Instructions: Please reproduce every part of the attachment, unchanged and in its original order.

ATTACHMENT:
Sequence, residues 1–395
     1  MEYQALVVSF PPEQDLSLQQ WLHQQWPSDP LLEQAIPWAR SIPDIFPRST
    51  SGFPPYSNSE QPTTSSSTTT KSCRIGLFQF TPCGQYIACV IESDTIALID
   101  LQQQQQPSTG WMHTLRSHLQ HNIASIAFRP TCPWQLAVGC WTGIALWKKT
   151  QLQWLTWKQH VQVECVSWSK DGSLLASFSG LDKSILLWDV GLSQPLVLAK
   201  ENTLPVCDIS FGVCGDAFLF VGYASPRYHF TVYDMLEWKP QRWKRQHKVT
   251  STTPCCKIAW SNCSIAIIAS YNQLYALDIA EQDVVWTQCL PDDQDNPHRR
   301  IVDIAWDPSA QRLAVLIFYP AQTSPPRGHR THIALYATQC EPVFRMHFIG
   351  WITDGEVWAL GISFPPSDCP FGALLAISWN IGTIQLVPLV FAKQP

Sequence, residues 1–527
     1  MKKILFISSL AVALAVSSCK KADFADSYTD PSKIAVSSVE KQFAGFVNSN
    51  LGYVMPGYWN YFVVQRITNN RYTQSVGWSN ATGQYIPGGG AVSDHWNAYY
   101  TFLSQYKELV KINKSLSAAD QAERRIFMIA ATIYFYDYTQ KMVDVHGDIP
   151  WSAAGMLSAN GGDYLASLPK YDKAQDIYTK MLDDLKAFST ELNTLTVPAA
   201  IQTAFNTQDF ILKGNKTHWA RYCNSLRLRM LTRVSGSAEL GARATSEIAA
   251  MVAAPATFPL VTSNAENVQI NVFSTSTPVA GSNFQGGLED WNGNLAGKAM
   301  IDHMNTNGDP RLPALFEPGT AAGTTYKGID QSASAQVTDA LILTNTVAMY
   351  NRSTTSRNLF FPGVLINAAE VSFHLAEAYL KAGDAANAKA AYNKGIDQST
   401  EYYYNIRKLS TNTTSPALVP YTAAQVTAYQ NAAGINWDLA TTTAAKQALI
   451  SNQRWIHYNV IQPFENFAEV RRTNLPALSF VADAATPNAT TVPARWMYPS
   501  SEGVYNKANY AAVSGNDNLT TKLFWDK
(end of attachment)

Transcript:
Sequence, residues 1–395
     1  MEYQALVVSF PPEQDLSLQQ WLHQQWPSDP LLEQAIPWAR SIPDIFPRST
    51  SGFPPYSNSE QPTTSSSTTT KSCRIGLFQF TPCGQYIACV IESDTIALID
   101  LQQQQQPSTG WMHTLRSHLQ HNIASIAFRP TCPWQLAVGC WTGIALWKKT
   151  QLQWLTWKQH VQVECVSWSK DGSLLASFSG LDKSILLWDV GLSQPLVLAK
   201  ENTLPVCDIS FGVCGDAFLF VGYASPRYHF TVYDMLEWKP QRWKRQHKVT
   251  STTPCCKIAW SNCSIAIIAS YNQLYALDIA EQDVVWTQCL PDDQDNPHRR
   301  IVDIAWDPSA QRLAVLIFYP AQTSPPRGHR THIALYATQC EPVFRMHFIG
   351  WITDGEVWAL GISFPPSDCP FGALLAISWN IGTIQLVPLV FAKQP

Sequence, residues 1–527
     1  MKKILFISSL AVALAVSSCK KADFADSYTD PSKIAVSSVE KQFAGFVNSN
    51  LGYVMPGYWN YFVVQRITNN RYTQSVGWSN ATGQYIPGGG AVSDHWNAYY
   101  TFLSQYKELV KINKSLSAAD QAERRIFMIA ATIYFYDYTQ KMVDVHGDIP
   151  WSAAGMLSAN GGDYLASLPK YDKAQDIYTK MLDDLKAFST ELNTLTVPAA
   201  IQTAFNTQDF ILKGNKTHWA RYCNSLRLRM LTRVSGSAEL GARATSEIAA
   251  MVAAPATFPL VTSNAENVQI NVFSTSTPVA GSNFQGGLED WNGNLAGKAM
   301  IDHMNTNGDP RLPALFEPGT AAGTTYKGID QSASAQVTDA LILTNTVAMY
   351  NRSTTSRNLF FPGVLINAAE VSFHLAEAYL KAGDAANAKA AYNKGIDQST
   401  EYYYNIRKLS TNTTSPALVP YTAAQVTAYQ NAAGINWDLA TTTAAKQALI
   451  SNQRWIHYNV IQPFENFAEV RRTNLPALSF VADAATPNAT TVPARWMYPS
   501  SEGVYNKANY AAVSGNDNLT TKLFWDK